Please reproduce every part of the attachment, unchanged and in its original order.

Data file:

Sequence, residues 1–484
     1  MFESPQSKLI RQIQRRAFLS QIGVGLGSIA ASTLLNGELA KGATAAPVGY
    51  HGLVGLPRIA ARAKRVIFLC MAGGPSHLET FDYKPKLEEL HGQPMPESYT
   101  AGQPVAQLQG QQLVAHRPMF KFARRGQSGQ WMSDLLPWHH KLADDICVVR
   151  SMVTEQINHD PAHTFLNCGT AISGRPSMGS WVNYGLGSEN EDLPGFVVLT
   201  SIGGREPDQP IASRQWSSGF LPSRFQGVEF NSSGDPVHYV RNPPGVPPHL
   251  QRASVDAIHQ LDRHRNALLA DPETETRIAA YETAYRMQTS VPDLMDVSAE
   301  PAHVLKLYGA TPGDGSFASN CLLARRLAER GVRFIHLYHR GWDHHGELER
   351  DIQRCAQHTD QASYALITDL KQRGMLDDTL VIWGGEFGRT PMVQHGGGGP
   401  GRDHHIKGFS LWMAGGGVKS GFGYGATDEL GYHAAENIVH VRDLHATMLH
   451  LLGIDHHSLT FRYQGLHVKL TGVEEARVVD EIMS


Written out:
Sequence, residues 1–484
     1  MFESPQSKLI RQIQRRAFLS QIGVGLGSIA ASTLLNGELA KGATAAPVGY
    51  HGLVGLPRIA ARAKRVIFLC MAGGPSHLET FDYKPKLEEL HGQPMPESYT
   101  AGQPVAQLQG QQLVAHRPMF KFARRGQSGQ WMSDLLPWHH KLADDICVVR
   151  SMVTEQINHD PAHTFLNCGT AISGRPSMGS WVNYGLGSEN EDLPGFVVLT
   201  SIGGREPDQP IASRQWSSGF LPSRFQGVEF NSSGDPVHYV RNPPGVPPHL
   251  QRASVDAIHQ LDRHRNALLA DPETETRIAA YETAYRMQTS VPDLMDVSAE
   301  PAHVLKLYGA TPGDGSFASN CLLARRLAER GVRFIHLYHR GWDHHGELER
   351  DIQRCAQHTD QASYALITDL KQRGMLDDTL VIWGGEFGRT PMVQHGGGGP
   401  GRDHHIKGFS LWMAGGGVKS GFGYGATDEL GYHAAENIVH VRDLHATMLH
   451  LLGIDHHSLT FRYQGLHVKL TGVEEARVVD EIMS